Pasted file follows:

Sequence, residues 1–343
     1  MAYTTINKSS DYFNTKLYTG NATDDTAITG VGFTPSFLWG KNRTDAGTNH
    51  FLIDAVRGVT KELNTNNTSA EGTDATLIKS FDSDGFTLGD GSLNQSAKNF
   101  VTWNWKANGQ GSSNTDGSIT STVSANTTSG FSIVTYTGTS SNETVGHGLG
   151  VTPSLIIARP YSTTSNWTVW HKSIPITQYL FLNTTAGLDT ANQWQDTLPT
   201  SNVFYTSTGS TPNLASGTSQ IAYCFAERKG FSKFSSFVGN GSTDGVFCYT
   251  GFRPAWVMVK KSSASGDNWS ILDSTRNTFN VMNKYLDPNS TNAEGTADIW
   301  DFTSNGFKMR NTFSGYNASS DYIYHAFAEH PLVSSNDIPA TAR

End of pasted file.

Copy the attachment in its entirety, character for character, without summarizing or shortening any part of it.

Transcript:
Sequence, residues 1–343
     1  MAYTTINKSS DYFNTKLYTG NATDDTAITG VGFTPSFLWG KNRTDAGTNH
    51  FLIDAVRGVT KELNTNNTSA EGTDATLIKS FDSDGFTLGD GSLNQSAKNF
   101  VTWNWKANGQ GSSNTDGSIT STVSANTTSG FSIVTYTGTS SNETVGHGLG
   151  VTPSLIIARP YSTTSNWTVW HKSIPITQYL FLNTTAGLDT ANQWQDTLPT
   201  SNVFYTSTGS TPNLASGTSQ IAYCFAERKG FSKFSSFVGN GSTDGVFCYT
   251  GFRPAWVMVK KSSASGDNWS ILDSTRNTFN VMNKYLDPNS TNAEGTADIW
   301  DFTSNGFKMR NTFSGYNASS DYIYHAFAEH PLVSSNDIPA TAR